How JustAnswer Works:
  • Ask an Expert
    Experts are full of valuable knowledge and are ready to help with any question. Credentials confirmed by a Fortune 500 verification firm.
  • Get a Professional Answer
    Via email, text message, or notification as you wait on our site. Ask follow up questions if you need to.
  • 100% Satisfaction Guarantee
    Rate the answer you receive.
Ask Rebecca Your Own Question
Rebecca, Cat Veterinarian
Category: Cat Veterinary
Satisfied Customers: 15573
Experience:  More than 30 years of companion animal practice.
Type Your Cat Veterinary Question Here...
Rebecca is online now
A new question is answered every 9 seconds

Dear Dr Nimmo. My 4 years old cat (female) came home with a

Customer Question

Dear Dr Scott Nimmo. My 4 years old cat (female) came home with a broken tail 6 days ago. She had her tail partially amputated (day 2) but is now (day 6) incontinent (have been since the surgery). She dribbles when the bladder gets full, and her vet has expressed it twice. I will try to express it myself during the weekend, do you have any advice for me regarding her incontinence / expressing the bladder? We fear that the damage is permanent.
Submitted: 2 years ago.
Category: Cat Veterinary
Expert:  Rebecca replied 2 years ago.


I am so sorry to hear about what happened to Lucy. My name is Rebecca; I am a veterinarian and will do my best to help. It appears that Dr. Scott is not online right now, can I help you?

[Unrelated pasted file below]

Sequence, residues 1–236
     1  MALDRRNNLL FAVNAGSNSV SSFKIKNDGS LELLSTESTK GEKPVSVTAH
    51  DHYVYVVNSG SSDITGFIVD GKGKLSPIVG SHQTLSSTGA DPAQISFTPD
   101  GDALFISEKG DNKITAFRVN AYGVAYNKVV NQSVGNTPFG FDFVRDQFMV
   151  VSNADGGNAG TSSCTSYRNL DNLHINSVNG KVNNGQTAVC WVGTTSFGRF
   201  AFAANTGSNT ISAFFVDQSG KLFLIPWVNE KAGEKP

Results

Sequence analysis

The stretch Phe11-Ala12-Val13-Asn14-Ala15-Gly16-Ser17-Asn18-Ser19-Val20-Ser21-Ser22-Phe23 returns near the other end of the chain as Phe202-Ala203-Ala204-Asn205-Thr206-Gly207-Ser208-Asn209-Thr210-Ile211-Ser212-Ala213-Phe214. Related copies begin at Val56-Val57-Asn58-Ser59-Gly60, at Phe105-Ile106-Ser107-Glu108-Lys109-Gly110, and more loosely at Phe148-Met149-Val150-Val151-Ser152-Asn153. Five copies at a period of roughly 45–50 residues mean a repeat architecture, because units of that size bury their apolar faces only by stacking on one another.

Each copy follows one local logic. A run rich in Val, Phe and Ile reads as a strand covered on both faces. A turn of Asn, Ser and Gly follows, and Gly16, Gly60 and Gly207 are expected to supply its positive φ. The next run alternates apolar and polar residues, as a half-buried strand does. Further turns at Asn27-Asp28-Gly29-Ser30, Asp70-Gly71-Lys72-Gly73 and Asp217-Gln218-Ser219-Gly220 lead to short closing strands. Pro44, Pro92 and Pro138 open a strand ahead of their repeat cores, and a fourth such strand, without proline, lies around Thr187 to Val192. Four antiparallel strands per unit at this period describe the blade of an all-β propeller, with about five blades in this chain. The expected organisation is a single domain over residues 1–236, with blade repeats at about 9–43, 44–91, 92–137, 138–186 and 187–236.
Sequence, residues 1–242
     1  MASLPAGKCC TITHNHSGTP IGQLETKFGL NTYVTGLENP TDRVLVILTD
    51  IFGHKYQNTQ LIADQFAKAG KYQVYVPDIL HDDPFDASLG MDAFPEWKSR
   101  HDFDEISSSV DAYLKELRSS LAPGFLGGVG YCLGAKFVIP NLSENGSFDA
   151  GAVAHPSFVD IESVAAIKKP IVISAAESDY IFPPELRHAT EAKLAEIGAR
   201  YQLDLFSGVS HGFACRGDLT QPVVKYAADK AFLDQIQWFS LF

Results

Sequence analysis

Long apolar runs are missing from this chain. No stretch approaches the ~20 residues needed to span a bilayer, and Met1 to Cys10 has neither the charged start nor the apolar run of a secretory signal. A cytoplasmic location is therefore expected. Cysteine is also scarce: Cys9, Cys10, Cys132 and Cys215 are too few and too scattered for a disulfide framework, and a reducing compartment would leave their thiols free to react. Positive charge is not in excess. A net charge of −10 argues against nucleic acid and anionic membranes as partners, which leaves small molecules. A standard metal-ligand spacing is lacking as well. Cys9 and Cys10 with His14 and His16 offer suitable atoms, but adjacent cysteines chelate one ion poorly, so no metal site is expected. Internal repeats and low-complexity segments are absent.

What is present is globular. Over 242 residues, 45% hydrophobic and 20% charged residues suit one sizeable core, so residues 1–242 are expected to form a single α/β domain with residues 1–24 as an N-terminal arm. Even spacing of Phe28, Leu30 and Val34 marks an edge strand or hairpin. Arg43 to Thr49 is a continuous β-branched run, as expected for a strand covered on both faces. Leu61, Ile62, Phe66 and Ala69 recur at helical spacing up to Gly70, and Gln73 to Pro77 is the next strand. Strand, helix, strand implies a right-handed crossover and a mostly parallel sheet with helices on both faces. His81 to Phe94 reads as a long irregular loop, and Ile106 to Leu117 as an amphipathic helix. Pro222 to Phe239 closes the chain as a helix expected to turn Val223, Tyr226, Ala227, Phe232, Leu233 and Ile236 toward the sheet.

Do you happen to know where the fracture was, which vertebra was broken? Knowing that will help to know if this is permanent. If it was a tail vertebra bone, she may get better; if it was a vertebra bone in her lower spine, she may not.

Expressing the bladder is not difficult, but is easier to show you than to describe. You need to feel for the bladder inside her lower abdomen, it would feel like a smooth round object anywhere from the size of a golf ball to a lemon or even an orange. Then you grasp in your hand, with your hand around her lower abdomen, and gently push until the urine stops flowing. I would do this at least twice daily. Some people do it with two hands, on on each side of her lower abdomen.

She may also need gentle enemas. If she can't empty her bladder on her own she may not have control of her colon, either. Do not use enemas meant for people, or children or infants that you can buy over the counter. They contain phosphates which are dangerous for cats.

The problem with nerve damage is that the nerves heal slowly. You may have to care for her for weeks, even months, before you see any nerve function return if it does.

If you know where the break in her tail or back is located, that will help somewhat to predict whether she will get this function back.

Let me know what else I can answer or help with, or if you prefer to wait for Dr. Scott. If this was helpful, kindly consider rating my answer (always appreciated!); you can still get back to me with questions and updates after rating. Rebecca

Expert:  Rebecca replied 2 years ago.

How is Lucy doing? Can I help with or answer anything else? I hope you were able to see what I sent. Rebecca

Expert:  Rebecca replied 2 years ago.
Hi Siri,
I'm just following up on our conversation about your pet. How is everything going?